Michele Seligmann writes
My name is Michele Lowy Seligmann. I am
retired and live in Port Chester, NY. My
younger sister Ellen Lowy Fishman lives in Pepper Pike
are the "adopted grandchildren" mentioned in Esther Wiesenfeld's obituary.
Esther and Leon Wiesenfeld had only one child, a
daughter who died in infancy before Leon emigrated to
in 1920. Their daughter's death was caused by an
infection which also left Esther deaf.
But let me explain how
my sister and I came to be
Esther and Leon Wiesenfeld's "adopted grandchildren".
My mother Sandra Amsterdam was born in Krakow, Poland in
1918. Her father, Adolf Amsterdam, was Esther Wiesenfeld's
brother and Sandra was Esther's oldest and most favored niece. In 1938,
having declined many invitations to come and live with the
Wiesenfelds in Cleveland, Ohio where they had relocated, 20
year old Sandra reluctantly left her family in Poland.
She arrived in
America in early January
1939. My mother told me she never would have gone if her
father, fearful of what he saw developing in Europe, had not
insisted. At first Sandra she felt sad and rejected by her
parents, but when Germany invaded Poland on September 1,
1939, she began to realize how fortunate she was and how wise her
father had been to make her leave Poland.
She continued to live with the Wiesenfelds,
working as a clerk in American Greetings. She quickly made
friends in Cleveland.
In 1940 Walter
Lowy escaped from Prague, Czechoslovakia, traveled to
Holland and left Holland on a travel pass on the last ship
that came to England. Later his cousin Sidney Andorn, a well-known
sent him papers that permitted him to come to America. In
the summer of 1941 he met my mother at a swimming pool in
Cleveland. They married here on November 30, 1941
and after a one-night "honeymoon" in a downtown hotel lived
with the Wiesenfelds. My father joined the army so he could
remain in the United States and left for training in the
south. Soon my mother followed him to his army base. When my father moved to another base before going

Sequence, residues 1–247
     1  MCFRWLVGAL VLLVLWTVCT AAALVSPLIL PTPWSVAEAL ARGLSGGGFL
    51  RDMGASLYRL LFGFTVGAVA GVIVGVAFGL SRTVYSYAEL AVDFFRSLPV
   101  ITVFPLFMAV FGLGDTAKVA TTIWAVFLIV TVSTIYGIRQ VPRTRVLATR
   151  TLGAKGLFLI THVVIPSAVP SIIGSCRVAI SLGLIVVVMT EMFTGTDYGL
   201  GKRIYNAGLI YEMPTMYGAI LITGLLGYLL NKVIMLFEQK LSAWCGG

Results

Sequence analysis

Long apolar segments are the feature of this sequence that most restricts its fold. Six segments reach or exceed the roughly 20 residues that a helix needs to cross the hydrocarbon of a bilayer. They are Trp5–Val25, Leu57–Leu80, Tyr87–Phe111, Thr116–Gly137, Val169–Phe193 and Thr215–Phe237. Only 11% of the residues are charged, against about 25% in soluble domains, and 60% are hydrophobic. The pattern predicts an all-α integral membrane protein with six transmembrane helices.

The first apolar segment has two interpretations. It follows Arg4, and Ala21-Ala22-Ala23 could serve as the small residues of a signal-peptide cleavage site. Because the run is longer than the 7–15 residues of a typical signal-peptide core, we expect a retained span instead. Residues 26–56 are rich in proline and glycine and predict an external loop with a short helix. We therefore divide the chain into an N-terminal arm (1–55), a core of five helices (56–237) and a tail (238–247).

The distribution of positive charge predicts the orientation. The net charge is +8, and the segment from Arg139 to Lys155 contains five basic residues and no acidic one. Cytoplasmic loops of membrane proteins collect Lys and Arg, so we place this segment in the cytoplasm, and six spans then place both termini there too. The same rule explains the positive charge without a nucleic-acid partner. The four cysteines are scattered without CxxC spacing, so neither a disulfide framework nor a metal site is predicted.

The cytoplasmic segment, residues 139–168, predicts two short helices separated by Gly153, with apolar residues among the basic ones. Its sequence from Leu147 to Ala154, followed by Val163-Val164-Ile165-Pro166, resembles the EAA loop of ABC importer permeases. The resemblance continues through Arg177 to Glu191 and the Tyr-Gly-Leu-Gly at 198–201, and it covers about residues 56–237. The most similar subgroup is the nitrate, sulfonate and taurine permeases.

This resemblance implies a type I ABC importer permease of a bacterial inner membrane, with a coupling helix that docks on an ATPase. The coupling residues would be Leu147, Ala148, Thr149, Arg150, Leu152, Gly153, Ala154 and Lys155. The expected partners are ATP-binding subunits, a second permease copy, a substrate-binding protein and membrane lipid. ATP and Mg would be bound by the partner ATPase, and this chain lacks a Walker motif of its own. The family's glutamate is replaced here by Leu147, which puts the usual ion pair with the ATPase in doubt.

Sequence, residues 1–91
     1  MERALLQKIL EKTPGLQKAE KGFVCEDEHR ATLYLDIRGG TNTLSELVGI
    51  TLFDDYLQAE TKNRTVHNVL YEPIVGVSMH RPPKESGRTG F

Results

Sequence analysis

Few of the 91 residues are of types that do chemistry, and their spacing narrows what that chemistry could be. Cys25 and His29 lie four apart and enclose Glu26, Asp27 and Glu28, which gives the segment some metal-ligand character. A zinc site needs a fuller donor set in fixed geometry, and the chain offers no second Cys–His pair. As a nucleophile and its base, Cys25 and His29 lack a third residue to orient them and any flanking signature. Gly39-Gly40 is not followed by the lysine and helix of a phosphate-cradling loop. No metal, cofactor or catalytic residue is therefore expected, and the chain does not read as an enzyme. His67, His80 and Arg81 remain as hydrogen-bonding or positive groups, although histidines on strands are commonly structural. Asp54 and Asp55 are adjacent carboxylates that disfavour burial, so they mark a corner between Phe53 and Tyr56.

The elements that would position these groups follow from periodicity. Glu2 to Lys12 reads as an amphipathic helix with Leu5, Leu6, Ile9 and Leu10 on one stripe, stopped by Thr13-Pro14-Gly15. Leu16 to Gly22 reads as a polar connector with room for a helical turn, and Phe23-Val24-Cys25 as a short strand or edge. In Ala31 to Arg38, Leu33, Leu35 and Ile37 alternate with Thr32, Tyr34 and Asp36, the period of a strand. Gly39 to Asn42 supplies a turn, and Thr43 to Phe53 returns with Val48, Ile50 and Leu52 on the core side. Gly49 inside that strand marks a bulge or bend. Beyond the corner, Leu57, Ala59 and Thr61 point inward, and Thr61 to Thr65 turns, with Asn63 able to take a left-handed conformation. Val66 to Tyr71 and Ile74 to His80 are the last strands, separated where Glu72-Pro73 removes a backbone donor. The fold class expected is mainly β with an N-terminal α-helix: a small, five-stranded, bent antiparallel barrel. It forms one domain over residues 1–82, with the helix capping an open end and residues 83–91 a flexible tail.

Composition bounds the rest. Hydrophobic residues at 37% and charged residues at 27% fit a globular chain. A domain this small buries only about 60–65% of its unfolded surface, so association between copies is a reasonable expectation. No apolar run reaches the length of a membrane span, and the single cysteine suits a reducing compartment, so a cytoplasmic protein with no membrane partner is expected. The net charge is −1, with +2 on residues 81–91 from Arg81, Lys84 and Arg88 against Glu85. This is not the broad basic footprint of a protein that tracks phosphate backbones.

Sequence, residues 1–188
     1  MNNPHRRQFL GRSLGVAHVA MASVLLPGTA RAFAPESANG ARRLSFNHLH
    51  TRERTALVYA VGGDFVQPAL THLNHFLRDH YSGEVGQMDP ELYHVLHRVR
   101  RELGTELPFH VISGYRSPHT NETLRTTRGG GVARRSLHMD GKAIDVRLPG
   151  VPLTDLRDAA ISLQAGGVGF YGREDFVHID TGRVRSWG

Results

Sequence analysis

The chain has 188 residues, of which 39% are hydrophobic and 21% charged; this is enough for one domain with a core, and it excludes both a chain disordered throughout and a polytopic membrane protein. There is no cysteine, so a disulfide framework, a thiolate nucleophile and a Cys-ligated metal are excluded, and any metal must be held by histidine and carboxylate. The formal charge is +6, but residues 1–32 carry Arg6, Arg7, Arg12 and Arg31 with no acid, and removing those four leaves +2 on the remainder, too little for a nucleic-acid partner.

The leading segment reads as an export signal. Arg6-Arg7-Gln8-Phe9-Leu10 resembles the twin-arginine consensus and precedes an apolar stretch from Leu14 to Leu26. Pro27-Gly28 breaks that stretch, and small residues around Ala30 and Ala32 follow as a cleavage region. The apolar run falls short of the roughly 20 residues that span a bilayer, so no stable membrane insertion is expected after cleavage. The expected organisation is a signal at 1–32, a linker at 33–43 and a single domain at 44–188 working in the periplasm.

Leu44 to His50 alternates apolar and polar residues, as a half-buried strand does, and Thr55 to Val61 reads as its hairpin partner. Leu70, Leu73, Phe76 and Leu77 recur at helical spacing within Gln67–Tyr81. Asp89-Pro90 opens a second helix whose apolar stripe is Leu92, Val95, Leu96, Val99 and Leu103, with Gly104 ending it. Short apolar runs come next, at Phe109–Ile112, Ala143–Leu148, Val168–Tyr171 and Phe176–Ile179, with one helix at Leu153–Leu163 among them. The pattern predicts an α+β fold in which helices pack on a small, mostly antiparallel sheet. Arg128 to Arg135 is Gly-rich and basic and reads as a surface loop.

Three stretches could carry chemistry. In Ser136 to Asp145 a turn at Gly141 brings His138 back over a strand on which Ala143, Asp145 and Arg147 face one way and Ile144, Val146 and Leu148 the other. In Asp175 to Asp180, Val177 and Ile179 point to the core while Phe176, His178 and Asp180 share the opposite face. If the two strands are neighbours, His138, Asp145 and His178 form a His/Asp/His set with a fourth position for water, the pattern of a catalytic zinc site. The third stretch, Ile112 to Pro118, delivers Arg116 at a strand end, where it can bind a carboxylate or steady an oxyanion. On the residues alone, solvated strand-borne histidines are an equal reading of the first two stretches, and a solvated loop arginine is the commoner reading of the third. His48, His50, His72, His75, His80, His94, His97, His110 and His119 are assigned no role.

overseas, my now-pregnant mother returned to Cleveland to live with Esther
and Leon in their apartment on East Boulevard. I was born in
Cleveland November 1, 1943. My father had a short leave to
return to Cleveland to see me, then returned to his base and
soon went to England. He landed in Normandy 19 days after
D-Day, in General Patton's Third Army.
During the war
my mother and I lived with Esther and Leon Wiesenfeld who were thrilled to have my
mother and her little girl (me) living with them.
When my father returned from the war
in 1945 he lived with us at the Wiesenfelds until we
moved to our own home on
Lee Avenue in Glenville, near East 105th Street, not far
from the Wiesenfelds. Soon after, Leon and Esther moved to an apartment on
Mayfield Road at Coventry Road in Cleveland Heights.
My sister Ellen
(born in June 1947) and I had no
living grandmothers. Sandra's father Adolf, who managed to
survive the war in a Soviet labor camp in Siberia, never
came to America. It was only natural that the Wiesenfelds,
having looked after our mother,
would think of us as their grandchildren and that we would
think of them as our grandparents.
When Esther died in 1980 our mother wanted Esther's obituary to honor this
loving relationship. Thus she had the Cleveland Jewish News obituary end with "two adopted
children and five great-grandchildren".
Fortunately, I inherited many of my
grandfather Leon Wiesenfeld's letters and documents, even
his old Yiddish typewriter. I also inherited his fierce love
of Israel which I have visited 40 times. When I am there I
feel as if I am home. Sadly, Leon, a life-long Zionist,
would never get to see this land he loved so passionately. ē